Whatever works in American Son’s leap to the screen is due to the cast. Kerry Washington is as riveting as she was in the performance I attended, channeling Kendra’s fears, anxieties and fury through every movement and modulation of her voice. Even though the performance still feels tailored specifically for the stage, she hasn’t forgotten the power of the camera, and how great she is at conveying complicated emotions through her face. She is especially exceptional here, as is her love interest Steven Pasquale. The camera gives Pasquale more opportunity to convey more of Scott’s turmoil over the state of his family, and he runs with it, quite possibly exceeding his already excellent stage performance. Together, Washington and Pasquale have a lived-in, particularly heartbreaking chemistry that was begging to be explored further (it was easy to imagine him playing a love interest on Scandal).

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Kerry Washington and Steven Pasquale in American Son (courtesy: Netflix)

It’s a shame that American Son struggles so much in its duty to its stage origins, because the story is terribly vital. It’s a reality for millions of parents in this country, wondering whether or not a moment of adolescence can mutate into life-ending horror, because of their skin color. It’s a story that should be told on both stage and screen, but that doesn’t mean they should be told the same way.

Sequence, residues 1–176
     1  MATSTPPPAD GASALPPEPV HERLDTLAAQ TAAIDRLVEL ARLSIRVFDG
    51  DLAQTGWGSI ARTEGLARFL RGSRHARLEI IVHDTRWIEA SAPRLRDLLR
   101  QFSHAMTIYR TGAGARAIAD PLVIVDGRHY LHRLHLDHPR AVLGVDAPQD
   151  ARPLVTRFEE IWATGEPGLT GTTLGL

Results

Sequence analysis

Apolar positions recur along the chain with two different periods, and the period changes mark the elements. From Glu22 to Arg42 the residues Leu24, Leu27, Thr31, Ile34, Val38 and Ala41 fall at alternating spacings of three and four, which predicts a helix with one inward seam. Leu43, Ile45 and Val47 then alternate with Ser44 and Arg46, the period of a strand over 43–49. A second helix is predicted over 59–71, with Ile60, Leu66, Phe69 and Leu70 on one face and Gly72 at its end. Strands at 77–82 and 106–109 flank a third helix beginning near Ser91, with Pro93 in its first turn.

Even if American Son was adapted this way on purpose, to expand the theater experience to a wider audience, too much is lost in translation. What’s frustrating is that a traditional adaptation steeped in filmic traditions could’ve been just as powerful, if not more so, than its Broadway counterpart. For me, the gutpunch I felt watching this version stems from my memories of the Broadway performance. What’s even sadder is, for those seeing American Son for the first time, they may feel nothing at all.